PhD candidate Chris Clary
In the high stakes world of international relations, particularly when nuclear powers are involved, there is little room for error. At the same time, sorting out causes and effects from the mix of actions and events unfolding between nation states is not trivial.
For this reason, third-year doctoral student Christopher Clary came to MIT after a decade of government work, mostly in Washington, DC, dissecting the politics of South Asia and helping form defense policies. "The dirty secret about Washington, DC is that it is filled with very smart people who have absolutely no time to think," says Clary. "They are too busy reacting to the problems of the day."
Clary's thinking about South Asia began somewhat serendipitously. In 1999, as an undergraduate studying Latin American issues at Wichita State University, he decided to spend a semester in Washington, DC. He applied for internships and by the end of the year was ready to move.
The only thing missing was a job.
The Latin American think tanks were slow getting back to him, so at the last minute, he landed an internship focused halfway around the world on South Asia.
Clary couldn't have made a more fortuitous decision. Just two years earlier, India and Pakistan had both tested their first nuclear weapons (barring a small 1974 test by India). The A.Q. Khan nuclear proliferation network was in full swing. The two countries had also just fought a limited war against one another — the first direct conflict between two nuclear powers. And President Clinton visited India in 2000 with an aim to develop US–India relations. "It was an exciting time," says Clary.
And the region, he realized, was understudied. At the Henry L. Stimson Center, where his internship eventually became a full-time job, experts on China filled the halls. "There weren't nearly as many people working on South Asia," he says.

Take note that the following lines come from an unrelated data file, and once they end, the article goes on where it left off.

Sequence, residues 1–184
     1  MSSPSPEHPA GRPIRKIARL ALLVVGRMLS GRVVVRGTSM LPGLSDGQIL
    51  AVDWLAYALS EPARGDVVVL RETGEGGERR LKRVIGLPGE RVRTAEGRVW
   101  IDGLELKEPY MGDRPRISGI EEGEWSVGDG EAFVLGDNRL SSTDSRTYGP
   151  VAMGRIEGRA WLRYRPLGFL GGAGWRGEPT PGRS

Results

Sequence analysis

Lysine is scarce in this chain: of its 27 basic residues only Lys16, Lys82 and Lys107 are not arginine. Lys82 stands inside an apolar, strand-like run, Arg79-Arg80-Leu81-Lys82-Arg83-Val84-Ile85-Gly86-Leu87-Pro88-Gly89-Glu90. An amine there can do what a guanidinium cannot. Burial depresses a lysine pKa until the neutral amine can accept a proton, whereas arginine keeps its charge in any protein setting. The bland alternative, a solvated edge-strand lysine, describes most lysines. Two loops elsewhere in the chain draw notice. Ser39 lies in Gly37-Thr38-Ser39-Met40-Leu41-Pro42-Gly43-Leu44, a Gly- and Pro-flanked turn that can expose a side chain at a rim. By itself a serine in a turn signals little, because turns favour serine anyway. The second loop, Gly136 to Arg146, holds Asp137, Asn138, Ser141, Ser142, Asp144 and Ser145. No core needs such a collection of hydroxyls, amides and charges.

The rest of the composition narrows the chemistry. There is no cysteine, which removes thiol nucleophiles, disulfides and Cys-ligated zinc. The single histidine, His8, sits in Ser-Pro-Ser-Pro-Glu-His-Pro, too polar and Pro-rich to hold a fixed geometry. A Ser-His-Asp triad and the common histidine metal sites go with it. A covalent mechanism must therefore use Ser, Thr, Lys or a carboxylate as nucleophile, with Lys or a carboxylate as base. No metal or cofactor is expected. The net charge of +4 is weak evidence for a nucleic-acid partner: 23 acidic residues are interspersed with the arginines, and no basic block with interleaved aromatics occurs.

Clary left Stimson in 2003 to become a research associate and earn a Master's in National Security Affairs at the US Naval Postgraduate School in Monterey, California. He worked to understand how India and Pakistan configured their nuclear arsenals and conventional militaries. After that, he returned to DC for work at the Pentagon to develop US defense policies mainly with India. "I became very interested in India's rise of power," says Clary.
Most intriguing, he found, was the similarity between India's rise and that of the US. "The US had a long gap between it's ability to influence the international scene and its willingness to do so," he says. "India, outside of its immediate neighborhood, shows similar signs of being hesitant to expend resources to influence the global scene." It was this recognition that led Clary to begin wondering when rising powers threaten the status quo. "As both India and China rise and the US declines, the topic has reasserted itself in security studies," says Clary.
Today, Clary wants to understand why rivalries brew, what fills the void when they end, and what causes some rising powers to ascend peacefully and others violently. "South Asia has appeal for people interested in war and peace, because it has challenges with conflict at all stages of the escalation ladder," says Clary.
One confounding factor Clary is facing as he refines his research focus is that politics are played out, he says, "by people with intentions, not particles that behave according to rules," so it's possible to get causes and effects mixed up. Such a mixup, if it influences policy, could be devastating. "There's no pilot phase," says Clary. "You want to be right about these things."
By: Elizabeth Dougherty